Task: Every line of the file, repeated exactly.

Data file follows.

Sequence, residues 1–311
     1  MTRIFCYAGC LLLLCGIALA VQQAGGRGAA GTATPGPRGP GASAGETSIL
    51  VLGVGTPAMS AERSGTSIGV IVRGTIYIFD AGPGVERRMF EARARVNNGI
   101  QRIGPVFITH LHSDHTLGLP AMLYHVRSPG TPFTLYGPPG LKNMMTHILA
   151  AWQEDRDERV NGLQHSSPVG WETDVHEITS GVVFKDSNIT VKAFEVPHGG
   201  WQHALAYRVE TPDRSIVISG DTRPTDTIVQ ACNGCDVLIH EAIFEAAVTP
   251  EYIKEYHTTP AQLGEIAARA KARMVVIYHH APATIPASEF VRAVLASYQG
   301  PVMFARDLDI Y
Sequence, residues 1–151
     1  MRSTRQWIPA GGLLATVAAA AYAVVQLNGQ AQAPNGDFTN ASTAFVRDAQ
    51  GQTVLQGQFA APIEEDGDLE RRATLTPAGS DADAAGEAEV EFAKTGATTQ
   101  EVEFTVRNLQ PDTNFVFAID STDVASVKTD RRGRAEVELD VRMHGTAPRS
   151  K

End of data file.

Sequence, residues 1–311
     1  MTRIFCYAGC LLLLCGIALA VQQAGGRGAA GTATPGPRGP GASAGETSIL
    51  VLGVGTPAMS AERSGTSIGV IVRGTIYIFD AGPGVERRMF EARARVNNGI
   101  QRIGPVFITH LHSDHTLGLP AMLYHVRSPG TPFTLYGPPG LKNMMTHILA
   151  AWQEDRDERV NGLQHSSPVG WETDVHEITS GVVFKDSNIT VKAFEVPHGG
   201  WQHALAYRVE TPDRSIVISG DTRPTDTIVQ ACNGCDVLIH EAIFEAAVTP
   251  EYIKEYHTTP AQLGEIAARA KARMVVIYHH APATIPASEF VRAVLASYQG
   301  PVMFARDLDI Y
Sequence, residues 1–151
     1  MRSTRQWIPA GGLLATVAAA AYAVVQLNGQ AQAPNGDFTN ASTAFVRDAQ
    51  GQTVLQGQFA APIEEDGDLE RRATLTPAGS DADAAGEAEV EFAKTGATTQ
   101  EVEFTVRNLQ PDTNFVFAID STDVASVKTD RRGRAEVELD VRMHGTAPRS
   151  K